Posted 987 Days Ago in: Executive Coaching Articles, TCA CorporateCategoriesTagsSearch
Leading an organisation or team is a unique challenge. It is often said that people join an organisation but leave their managers. To create and sustain an environment of highly engaged, high performing employees, leaders and executives must be held accountable and rewarded for how they accomplish results as well as the results themselves.
Leading an organisation or team is a unique challenge. It is often said that people join an organisation but leave their managers. By far the most significant factor that influences employee satisfaction and engagement is leader behaviour. It begins with upper management, who establish the official policies as well as the unofficial ‘way things are done,’ which then filters through to the entire organisation. It also includes front line leadership – middle managers and supervisors who are closest to the daily work stream. Whether a leader treats employees with respect and values their contributions or micro-manages and is unpredictable and abusive, obviously has a huge impact on an employee’s day to day working environment and influences the behaviours of everyone in the work group.
Many upper managers still cling to ‘old school’ command and control management styles which are less than effective with today’s employees, who expect a more collaborative, coaching style. Because directive leaders are in positions of power, employees may fear to question them or ask for change; instead they may react by withdrawal and disengagement, especially in times of economic downturn when they might not dare to quit the position.
At the other end of the spectrum, newly-made managers, especially those who come up through the ranks, may have an idea of the kind of leader they would like to be. But they often lack the training and on-going support they need to make the switch from being friends with their colleagues to managing them.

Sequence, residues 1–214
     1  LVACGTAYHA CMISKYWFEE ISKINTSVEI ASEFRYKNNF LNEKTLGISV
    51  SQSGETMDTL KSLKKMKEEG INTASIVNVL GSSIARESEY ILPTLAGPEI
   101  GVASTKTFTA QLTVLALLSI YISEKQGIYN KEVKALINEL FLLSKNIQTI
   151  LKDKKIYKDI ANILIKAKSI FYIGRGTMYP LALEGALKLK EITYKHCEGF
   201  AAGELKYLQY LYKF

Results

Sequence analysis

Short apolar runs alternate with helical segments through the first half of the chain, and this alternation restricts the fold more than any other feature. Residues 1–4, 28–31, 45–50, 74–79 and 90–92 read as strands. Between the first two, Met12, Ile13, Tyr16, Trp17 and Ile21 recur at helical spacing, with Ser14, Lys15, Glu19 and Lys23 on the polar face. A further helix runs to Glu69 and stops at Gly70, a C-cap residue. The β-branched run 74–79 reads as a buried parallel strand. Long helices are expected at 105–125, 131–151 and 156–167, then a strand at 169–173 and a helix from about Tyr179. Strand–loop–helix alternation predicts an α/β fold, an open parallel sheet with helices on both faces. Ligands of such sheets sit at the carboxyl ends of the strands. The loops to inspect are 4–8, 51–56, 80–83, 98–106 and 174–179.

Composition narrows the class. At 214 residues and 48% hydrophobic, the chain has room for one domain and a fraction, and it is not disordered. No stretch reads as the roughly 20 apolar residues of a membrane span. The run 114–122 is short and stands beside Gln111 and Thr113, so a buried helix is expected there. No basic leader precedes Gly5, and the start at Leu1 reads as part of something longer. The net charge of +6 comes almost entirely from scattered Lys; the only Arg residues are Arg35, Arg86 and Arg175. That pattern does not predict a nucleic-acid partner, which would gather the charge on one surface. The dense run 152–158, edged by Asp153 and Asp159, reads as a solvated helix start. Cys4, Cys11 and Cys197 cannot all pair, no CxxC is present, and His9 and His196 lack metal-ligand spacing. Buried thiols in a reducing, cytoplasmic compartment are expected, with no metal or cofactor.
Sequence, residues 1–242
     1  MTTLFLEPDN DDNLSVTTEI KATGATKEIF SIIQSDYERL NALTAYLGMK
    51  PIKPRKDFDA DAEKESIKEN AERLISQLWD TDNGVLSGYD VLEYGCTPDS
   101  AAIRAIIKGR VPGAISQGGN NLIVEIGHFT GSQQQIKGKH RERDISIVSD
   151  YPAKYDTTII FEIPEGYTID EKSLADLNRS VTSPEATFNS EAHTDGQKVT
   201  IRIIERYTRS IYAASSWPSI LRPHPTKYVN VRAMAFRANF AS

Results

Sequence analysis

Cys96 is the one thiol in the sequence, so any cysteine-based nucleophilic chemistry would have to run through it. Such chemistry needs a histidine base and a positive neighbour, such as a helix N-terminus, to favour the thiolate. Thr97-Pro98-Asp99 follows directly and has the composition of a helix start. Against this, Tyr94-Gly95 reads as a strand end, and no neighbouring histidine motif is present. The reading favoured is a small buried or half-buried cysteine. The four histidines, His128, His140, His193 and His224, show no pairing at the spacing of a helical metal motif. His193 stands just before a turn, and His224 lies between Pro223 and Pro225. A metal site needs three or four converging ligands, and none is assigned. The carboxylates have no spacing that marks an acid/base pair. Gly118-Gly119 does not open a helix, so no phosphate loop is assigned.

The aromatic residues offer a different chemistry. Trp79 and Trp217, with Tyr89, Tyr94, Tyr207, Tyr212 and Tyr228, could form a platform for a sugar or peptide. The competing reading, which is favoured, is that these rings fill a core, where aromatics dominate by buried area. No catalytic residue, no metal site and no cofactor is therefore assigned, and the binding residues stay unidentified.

Middle-level managers, who play a critical role as liaison between senior leadership and front-line employees, are critical to organisational success. Yet they often feel the pinch of company stresses and are neglected for leadership development. A 2010 study of North American organisations sponsored by the Human Capital Institute found that only 14% of middle level managers were, ‘fully engaged’. 46% of Human Resource leaders indicated that morale among middle managers in their organisations had dropped ‘substantially’ or ‘noticeably’ over the prior 18 months. Middle managers’ top three expressed concerns were: struggling to do more with fewer staff (79%), staff more stressed (70%) and staff less engaged (49%). If those who are critical to the engagement of front line employees are themselves disengaged, clearly focused solutions need to be applied.
In challenging economic conditions, organisations often focus on financial results and on rewarding leaders for achieving results without regard for how those results are achieved. While this might work in the short term, lack of concern for good leadership practices will ultimately backfire as employees become disengaged and performance lags. To create and sustain an environment of highly engaged, high performing employees, leaders must be held accountable and rewarded for how they accomplish results as well as the results themselves.
Because of the weight of impact of leadership behaviours on employee engagement, a programme designed to improve or enhance employee engagement must have support from senior leadership. If senior leaders do not model and hold others accountable for good leader behaviours, no amount of surveys, policies, mission statements or communication will do the trick. Leaders must ‘walk the talk’ – be authentic seekers and demonstrators of the kind of leadership employees need in order to unleash maximum performance. Otherwise, they will view any implementation programme as meaningless hypocrisy, and trust and engagement could move in the opposite direction of that intended.
Posted 1498 Days Ago in: Coach Spotlight, Coaching Articles
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Posted 1498 Days Ago in: Coaching Academy Info, Coaching Articles, Continuous Professional Development, Tips
Coaching Communities have been part of The Coaching Academy support programme for students and qualified coaches since our inception in 1999. A Coaching Community is a local group of people with an interest in all things coaching, meeting up generally on a monthly basis. We've revamped our coaching communities website to make it even easier for you reap the benefits of getting involved.